Finally, there is the SOC 2 report.  The SOC 2 report uses the same TSP as the SOC 3 but with a twist.  The third party can select any or all of the seven domains to be assessed.  Think of it as a “cafeteria style” assessment.  With the SOC 2, the AICPA does not require that all domains be covered (as with the SOC 3), the assessed entity can select only those domains they wish audited.  As a result, a third party could select only the ‘Organization and Management’ domain to be assessed and nothing else in their SOC 2 report.  Therefore, just because you have a SOC 2 does not mean it covers the domains necessary for your PCI assessment.  Like the SOC 3, in addition to the seven domains, the SOC 2 can also cover none, any or all of the additional considerations documented in the TSP.

Within each of these SOC reports there is a Type I and a Type II report.  A Type I report is basically worthless from a reliance perspective because no testing of the controls is ever performed.  With a Type I report, the auditor is signing off on the fact that the third party has controls defined and formally documented.  But without testing, there really is no point to this report.  Yet every now and then, I encounter a Type I report that an organization has relied upon for years.

The only report worth anything is a Type II report which tests the control environment to ensure that the controls are functioning as designed.  So, when you get that SOC 2 report, you need to make sure you have a Type II report where testing has been performed by the auditor.  Even then though, the report might not be as useful as you might think.

I Have A SOC 2 Type II Report From A Service Provider

While you want to read the whole report in detail, when I am pressed for time and cannot read it in its entirety, here is where I focus so that I can get a quick view of what I have.  Some CPA firms provide a one-page Executive Summary that gives the reader a quick overview of the report, provides the timeframe the report covers, opinion, exceptions and other useful information.  But that is not required by the AICPA so you cannot always rely on such an overview being in every report you receive.  When they are available, they can help you focus your quick review efforts even better.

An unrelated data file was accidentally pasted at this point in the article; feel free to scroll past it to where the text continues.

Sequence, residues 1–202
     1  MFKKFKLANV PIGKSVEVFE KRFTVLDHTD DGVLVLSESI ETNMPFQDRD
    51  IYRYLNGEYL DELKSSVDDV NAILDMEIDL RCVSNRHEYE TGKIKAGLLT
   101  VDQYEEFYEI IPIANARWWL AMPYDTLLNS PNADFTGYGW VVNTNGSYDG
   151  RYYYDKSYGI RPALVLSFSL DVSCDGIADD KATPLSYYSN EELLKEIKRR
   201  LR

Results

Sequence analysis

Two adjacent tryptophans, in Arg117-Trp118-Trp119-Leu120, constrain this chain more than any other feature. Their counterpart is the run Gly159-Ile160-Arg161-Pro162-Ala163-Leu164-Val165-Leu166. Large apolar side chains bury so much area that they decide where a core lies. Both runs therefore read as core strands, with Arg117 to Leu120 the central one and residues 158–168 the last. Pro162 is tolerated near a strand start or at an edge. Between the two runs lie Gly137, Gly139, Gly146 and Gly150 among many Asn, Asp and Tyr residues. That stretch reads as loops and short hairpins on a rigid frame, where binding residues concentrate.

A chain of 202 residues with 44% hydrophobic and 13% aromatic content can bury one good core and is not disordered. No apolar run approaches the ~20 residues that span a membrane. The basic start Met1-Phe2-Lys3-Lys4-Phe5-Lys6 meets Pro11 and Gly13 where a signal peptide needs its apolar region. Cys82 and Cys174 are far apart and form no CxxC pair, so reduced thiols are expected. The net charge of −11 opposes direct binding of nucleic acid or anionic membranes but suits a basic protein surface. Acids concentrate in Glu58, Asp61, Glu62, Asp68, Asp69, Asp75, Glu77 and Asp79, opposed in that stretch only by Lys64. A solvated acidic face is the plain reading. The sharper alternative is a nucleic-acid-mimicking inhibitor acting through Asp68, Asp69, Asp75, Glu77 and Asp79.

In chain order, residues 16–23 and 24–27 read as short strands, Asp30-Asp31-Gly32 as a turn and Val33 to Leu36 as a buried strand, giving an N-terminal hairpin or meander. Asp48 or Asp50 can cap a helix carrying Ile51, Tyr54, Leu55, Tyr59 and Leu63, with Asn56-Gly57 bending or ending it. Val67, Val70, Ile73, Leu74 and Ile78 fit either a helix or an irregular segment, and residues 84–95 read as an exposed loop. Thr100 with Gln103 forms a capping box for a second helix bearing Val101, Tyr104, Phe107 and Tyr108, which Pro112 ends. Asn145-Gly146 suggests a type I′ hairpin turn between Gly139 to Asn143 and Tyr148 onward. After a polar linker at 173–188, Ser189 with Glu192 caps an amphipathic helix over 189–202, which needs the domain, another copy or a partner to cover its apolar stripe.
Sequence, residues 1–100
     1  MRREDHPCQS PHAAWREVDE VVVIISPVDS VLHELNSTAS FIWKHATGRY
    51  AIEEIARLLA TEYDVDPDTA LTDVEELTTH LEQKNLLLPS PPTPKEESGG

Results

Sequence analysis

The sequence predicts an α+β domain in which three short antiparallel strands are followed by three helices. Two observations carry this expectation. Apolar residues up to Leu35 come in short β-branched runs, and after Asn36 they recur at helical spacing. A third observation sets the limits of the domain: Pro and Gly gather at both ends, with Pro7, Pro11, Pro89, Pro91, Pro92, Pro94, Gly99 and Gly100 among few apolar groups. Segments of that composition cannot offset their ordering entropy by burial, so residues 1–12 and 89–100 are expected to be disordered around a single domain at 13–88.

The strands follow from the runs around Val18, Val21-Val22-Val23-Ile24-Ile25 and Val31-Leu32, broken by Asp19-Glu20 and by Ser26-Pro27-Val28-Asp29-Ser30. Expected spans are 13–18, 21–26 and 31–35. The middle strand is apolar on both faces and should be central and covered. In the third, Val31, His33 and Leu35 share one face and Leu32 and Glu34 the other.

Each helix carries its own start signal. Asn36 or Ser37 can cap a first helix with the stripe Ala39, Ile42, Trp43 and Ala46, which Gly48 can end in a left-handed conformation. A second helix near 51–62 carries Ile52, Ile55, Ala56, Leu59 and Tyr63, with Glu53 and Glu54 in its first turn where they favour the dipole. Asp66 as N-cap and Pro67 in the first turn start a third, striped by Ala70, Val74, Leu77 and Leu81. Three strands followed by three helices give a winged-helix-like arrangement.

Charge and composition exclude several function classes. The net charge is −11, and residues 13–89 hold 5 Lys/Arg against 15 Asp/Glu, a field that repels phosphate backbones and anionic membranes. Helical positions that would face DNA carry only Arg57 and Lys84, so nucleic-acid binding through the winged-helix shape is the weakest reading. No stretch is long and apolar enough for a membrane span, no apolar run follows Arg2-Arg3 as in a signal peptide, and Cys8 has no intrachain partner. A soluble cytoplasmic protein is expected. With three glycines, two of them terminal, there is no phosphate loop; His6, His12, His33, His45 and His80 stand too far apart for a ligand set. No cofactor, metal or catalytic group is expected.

The first thing to do is to read the auditor’s opinion which should be the first section of the report.  It is in the form of a letter on the auditor’s letterhead and signed by the auditing firm.  The opinion the auditor provides will be either:

  • Unqualified – no material control weaknesses or failures were identified.
  • Qualified – some material control weaknesses or failures were identified.
  • Adverse – significant control weaknesses or failures were identified.

An unqualified opinion is what all organizations desire and what most reports document.  But do not be fooled by an unqualified opinion.  There still could have been control weaknesses or failures identified but they did not rise to the level of being considered “material”.  I have seen some unqualified reports with control weaknesses that I would have considered material as their auditor, so you might still want to contact the organization to get clarification on any weaknesses identified.